Friday, June 12, 2009

Healthcare and Technology

The following opinion was printed in today's Honolulu Advertiser:

Hawai'i must move quickly on health technology
Federal funds create key opportunity for Hawai'i to get on board

By Jon Riki Karamatsu

Healthcare in the United States is poised to take a giant leap forward, thanks to Health Information Technology (HIT) and the national Health Information Exchange (HIE). Hawai'i has a short window of opportunity to join the revolution, but we must act now. Here's why:

As part of the national recovery plan, President Obama recognized the current economic crisis as an opportunity. He included $20 billion in the American Recovery and Reinvestment Act of 2009 (ARRA) to give states the help and the incentive to adopt the technology and information exchange initiatives.

HIT and HIE are critical components of true healthcare reform in the United States. The adoption and implementation of Electronic Health Records (EHR) will vastly improve the quality of healthcare for patients because of a physician's instant access to and availability of a patient's medical history. This allows a physician to better treat a patient — especially in emergencies when a doctor is often unfamiliar with the patient, their medical history, allergies, medications, etc. It is also estimated that HIT will reduce healthcare costs by approximately $12.5 billion over the next 10 years and will continue to save us money in the future.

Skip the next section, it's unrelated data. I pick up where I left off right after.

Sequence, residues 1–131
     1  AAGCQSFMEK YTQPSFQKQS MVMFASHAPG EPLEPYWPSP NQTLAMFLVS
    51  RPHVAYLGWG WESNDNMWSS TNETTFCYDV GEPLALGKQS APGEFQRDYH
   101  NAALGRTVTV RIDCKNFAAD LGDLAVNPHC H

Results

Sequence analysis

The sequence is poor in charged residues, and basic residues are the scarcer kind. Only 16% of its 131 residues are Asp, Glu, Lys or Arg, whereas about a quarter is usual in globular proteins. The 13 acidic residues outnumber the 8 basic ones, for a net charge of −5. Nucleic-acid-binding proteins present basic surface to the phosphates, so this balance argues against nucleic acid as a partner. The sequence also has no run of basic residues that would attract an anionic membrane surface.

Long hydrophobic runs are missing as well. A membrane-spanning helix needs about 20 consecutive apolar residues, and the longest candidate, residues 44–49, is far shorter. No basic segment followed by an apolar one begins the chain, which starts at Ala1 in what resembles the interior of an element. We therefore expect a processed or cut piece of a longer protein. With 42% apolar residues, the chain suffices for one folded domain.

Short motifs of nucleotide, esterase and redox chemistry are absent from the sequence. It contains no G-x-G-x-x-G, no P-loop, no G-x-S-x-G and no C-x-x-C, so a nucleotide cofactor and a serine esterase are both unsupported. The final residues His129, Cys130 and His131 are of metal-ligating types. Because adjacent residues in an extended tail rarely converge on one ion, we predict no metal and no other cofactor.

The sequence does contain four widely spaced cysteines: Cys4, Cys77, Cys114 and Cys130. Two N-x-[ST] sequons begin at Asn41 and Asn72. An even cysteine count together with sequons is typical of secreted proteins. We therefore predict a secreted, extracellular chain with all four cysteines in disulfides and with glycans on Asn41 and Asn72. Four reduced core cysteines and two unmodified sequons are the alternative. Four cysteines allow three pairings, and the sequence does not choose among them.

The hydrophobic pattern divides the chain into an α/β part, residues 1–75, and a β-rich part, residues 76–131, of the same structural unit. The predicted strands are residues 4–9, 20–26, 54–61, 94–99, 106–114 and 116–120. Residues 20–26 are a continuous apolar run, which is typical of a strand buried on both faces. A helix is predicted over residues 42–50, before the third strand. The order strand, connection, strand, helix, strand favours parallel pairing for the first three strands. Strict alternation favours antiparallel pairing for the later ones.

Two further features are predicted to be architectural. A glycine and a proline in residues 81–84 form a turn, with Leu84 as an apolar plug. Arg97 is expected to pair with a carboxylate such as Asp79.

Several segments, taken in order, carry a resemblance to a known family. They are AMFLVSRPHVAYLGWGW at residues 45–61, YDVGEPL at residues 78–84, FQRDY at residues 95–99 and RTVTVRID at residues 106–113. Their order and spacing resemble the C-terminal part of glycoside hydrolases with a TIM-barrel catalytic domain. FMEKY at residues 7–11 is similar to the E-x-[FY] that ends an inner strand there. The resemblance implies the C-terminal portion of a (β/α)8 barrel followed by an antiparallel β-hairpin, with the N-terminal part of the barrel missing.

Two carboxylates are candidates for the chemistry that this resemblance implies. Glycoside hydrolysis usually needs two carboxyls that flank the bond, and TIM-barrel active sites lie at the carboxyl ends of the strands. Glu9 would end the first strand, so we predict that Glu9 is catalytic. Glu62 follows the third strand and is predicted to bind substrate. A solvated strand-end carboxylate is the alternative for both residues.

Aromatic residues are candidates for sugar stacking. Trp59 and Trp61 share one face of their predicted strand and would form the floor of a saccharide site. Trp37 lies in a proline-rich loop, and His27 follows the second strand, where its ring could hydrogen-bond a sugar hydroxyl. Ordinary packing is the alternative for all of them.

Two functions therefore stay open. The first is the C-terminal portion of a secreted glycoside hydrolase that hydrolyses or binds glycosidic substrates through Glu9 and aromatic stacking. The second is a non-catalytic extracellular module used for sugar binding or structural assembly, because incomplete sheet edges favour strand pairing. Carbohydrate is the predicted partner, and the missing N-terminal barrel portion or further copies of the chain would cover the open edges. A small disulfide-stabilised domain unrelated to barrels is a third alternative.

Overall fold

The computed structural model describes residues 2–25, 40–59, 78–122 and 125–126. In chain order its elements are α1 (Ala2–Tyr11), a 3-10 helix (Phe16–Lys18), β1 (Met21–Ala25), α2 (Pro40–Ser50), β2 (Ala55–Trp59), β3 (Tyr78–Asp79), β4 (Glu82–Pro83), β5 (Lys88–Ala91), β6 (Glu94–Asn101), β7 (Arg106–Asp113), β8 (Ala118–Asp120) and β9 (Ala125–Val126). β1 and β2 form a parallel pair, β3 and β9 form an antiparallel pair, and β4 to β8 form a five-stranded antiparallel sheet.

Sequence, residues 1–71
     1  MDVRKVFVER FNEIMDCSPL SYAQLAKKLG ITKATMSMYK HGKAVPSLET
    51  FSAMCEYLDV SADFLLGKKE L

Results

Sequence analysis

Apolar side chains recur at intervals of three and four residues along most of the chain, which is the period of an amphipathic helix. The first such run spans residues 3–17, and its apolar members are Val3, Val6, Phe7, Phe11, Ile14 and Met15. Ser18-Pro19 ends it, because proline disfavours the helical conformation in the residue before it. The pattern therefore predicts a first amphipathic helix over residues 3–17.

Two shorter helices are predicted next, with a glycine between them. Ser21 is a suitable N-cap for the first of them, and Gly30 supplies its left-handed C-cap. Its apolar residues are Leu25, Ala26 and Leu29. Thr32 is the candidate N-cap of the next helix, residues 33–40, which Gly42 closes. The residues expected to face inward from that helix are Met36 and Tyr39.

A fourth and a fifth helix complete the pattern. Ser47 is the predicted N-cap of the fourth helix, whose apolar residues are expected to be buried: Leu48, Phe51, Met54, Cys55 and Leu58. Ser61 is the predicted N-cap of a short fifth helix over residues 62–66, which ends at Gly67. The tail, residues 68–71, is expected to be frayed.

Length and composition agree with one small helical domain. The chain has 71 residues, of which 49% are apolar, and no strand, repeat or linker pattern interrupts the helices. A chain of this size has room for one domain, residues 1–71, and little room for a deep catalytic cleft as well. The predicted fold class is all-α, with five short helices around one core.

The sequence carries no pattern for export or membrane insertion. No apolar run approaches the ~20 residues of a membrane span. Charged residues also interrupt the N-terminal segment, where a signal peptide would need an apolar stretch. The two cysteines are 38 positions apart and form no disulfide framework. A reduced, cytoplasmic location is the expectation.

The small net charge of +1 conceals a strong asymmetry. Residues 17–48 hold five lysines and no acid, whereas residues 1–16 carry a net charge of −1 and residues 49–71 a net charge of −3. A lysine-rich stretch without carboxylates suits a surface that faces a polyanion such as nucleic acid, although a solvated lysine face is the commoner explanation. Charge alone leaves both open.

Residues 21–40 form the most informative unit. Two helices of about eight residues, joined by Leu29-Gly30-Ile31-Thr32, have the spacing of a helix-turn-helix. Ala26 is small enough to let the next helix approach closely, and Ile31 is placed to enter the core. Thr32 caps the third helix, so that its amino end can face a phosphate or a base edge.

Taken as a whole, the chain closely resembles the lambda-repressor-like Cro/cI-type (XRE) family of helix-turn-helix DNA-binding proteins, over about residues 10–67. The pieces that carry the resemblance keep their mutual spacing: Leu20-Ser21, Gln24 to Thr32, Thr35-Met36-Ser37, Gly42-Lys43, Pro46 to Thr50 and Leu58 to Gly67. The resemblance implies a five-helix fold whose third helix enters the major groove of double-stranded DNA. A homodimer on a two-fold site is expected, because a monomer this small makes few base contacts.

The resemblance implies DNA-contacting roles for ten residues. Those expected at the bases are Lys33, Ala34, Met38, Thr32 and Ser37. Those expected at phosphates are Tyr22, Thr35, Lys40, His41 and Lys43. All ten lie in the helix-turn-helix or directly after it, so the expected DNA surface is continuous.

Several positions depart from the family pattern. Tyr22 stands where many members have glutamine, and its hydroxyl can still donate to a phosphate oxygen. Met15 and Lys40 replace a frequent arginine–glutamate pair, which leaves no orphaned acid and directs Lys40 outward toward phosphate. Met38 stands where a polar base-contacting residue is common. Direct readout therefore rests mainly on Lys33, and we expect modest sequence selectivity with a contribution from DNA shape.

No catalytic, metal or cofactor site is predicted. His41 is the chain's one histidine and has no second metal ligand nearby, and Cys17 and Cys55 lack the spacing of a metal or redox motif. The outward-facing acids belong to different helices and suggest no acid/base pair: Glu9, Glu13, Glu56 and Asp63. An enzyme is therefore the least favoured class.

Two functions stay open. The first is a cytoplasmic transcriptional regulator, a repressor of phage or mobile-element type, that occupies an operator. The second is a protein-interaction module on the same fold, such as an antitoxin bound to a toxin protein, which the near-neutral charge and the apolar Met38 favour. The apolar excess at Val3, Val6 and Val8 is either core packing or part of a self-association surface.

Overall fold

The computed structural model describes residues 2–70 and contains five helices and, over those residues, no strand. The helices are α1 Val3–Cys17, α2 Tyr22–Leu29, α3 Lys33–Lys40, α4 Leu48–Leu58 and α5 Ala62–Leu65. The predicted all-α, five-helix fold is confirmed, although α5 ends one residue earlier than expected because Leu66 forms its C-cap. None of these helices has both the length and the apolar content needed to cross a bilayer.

The private sector has taken it one step further. Last month, IBM announced that its finance unit will set aside $2 billion for "bridge" financing for high-tech infrastructure projects likely to qualify for federal grants and incentive payments under the ARRA. According to International Data Corporations (IDC) analyst Joseph Pucciarelli, the IBM program looks like a sound step that will hasten the arrival of high-tech projects.

This signals that other states are likely to move forward quickly on their HIT and HIE initiatives in order to take advantage of private sector financing, and to secure a bigger amount of the available money for the states. Hawai'i needs to move forward too.

This past legislative session, House and Senate Health Committee chairs started the process by bringing all of the stakeholders together to begin discussions on HIT and HIE in Hawai'i. House Bill 1782, relating to Health Information Exchange, creates a state coordinating office and task force charged with developing the program in Hawai'i.

While the bill did not get out of conference committee this year, the governor and the state Department of Health can and should take the lead to move the state forward on this initiative.
I hope the dialogue started during the legislative session will continue during the interim, and I'm optimistic that we will be able to bring the stakeholders together to revise the bill to send to the governor for signature next session.

Healthcare has become unaffordable for many people around the country. There's no question that government and the healthcare industry needs to partner in new ways as soon as possible. One of those ways is to take advantage of the new information technology, and to become part of a global network in healthcare.

The federal government and the private sector have stepped up to the plate in order to help the states. It is now up to our state government officials to ensure that Hawai'i receives its fair share of financial incentives, and to make local healthcare reform a reality.

The time to act is now.

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